Abstracts of 250 words in length, with an accompanying  100-word biography should be sent to no later than 15th January 2015.

Please see for more details.

CFP: ‘Artists’ Moving Image Practice in Britain: From 1990 to Today.’

The Paul Mellon Centre in association with Whitechapel Gallery and Film London Artists’ Moving Image Network

5-7 November 2015

Artists’ moving image practice is activated by the context of the gallery, by temporary architectural environments, the cinema and the internet, and by social and political performance. Over the last few decades, this kind of artistic practice – which has its roots in film, performance and installation art – has become a phenomenon in its own right and begun developing a deep and rich history.

British artists and institutions have played a pioneering role in this history. From the roots of the filmmaking co-ops of the 1970s to recent exercises in digital manipulation, UK-based artists have been at the forefront of artistic experimentation, distribution, and exhibition within the field of moving image practice This has particularly been the case since the 1990s, when a mixture of artist support agencies and galleries such as LUX, Film and Video Umbrella, FACT, Film London Artists’ Moving Image Network and Channel 4 began re-aligning funding interests and developing a particular remit for supporting moving image practice by artists.

Yet, despite being showcased and discussed by arts institutions, academics and cultural organizations, this dynamic strand of artistic practice in Britain has not been fully explored or historicized. Artists’ Moving Image Practice in Britain: from 1990 to today aims to begin redressing this shortfall. It will bring together artists, curators, film-historians, art-historians and critics in order to discuss the recent history of this dynamic and ambitious strand of visual culture within a British context.

The purpose of this major conference is to:

  • Map the recent history and practice of artists’ moving image practice in Britain from 1990 to the present day.
  • Broaden the discussion on artists’ moving image practice in Britain and help develop new scholarly research in the field.
  • Present exciting close readings of particular works and artists.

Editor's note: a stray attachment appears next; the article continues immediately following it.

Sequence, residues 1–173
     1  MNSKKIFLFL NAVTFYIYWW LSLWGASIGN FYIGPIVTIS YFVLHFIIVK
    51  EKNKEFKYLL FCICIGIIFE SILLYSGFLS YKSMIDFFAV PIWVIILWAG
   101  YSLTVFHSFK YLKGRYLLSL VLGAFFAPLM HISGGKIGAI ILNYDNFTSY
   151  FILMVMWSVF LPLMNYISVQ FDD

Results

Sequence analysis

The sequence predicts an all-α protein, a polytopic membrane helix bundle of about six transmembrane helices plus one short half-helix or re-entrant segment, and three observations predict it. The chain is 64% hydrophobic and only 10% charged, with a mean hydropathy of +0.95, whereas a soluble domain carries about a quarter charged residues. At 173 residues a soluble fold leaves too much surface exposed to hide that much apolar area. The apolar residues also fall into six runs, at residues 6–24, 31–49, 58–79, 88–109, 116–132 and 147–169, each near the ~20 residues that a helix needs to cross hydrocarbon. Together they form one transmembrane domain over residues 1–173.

• Provide an interdisciplinary think-tank for dialogue on this topic
  • Stimulate a discussion about the most productive methodological approaches to artists’ moving image work.

Alongside a full programme of papers, the conference will feature keynote lectures from world-leading specialists in the field, panel discussions and screenings.

The call for papers is an opportunity for artists, curators and academics to submit proposals for papers to be presented at this conference. The proposals will be jointly selected by Paul Mellon Centre and the Whitechapel Gallery in association with Film London Artists’ Moving Image Network.

We hope that one outcome of this conference will be a major publication on this topic.

Original contributions are invited on the following key research questions (but not limited to):

  • What have been the dominant visual, ideological and narrative characteristics of this kind of artistic practice?
  • How has artists’ moving image practice in Britain been written about?
  • What kinds of writing has it stimulated?
  • What methodologies have been employed to talk and write about artists’ moving image work?
  • How do we understand artists’ moving image work within a British context?
  • How does artists’ moving image practice relate to other kinds of artistic activity in contemporary visual culture?
  • How does artists’ moving image practice engage with earlier artistic traditions and activities?
  • How has the notion of medium shifted since the rise of digital technology?
  • Does it still make sense to think in formal, media-related categories or have we moved beyond the medium as a recognizable entity?
  • How have political, pedagogical, and collective forms of artistic practice affected recent work in this field?
  • How is moving image work defined by local context and what tensions exist when the local is represented globally?
  • What have previous discussions overlooked or ignored?

We are also interested in papers that address a specific work, or the work of specific artists. These papers might address formal and aesthetic concerns; representational conventions and strategies; the biography of a work; or strategies of interpretation.

Please submit abstracts of up to 300 words, together with a 100-word biography, by 15th December 2014 to the following email (CALL for Papers in the subject):
Any general queries should also be directed to this address.

Presentations in the conference will last 20 to 30 minutes. Successful proposals will be announced by the end of January 2015.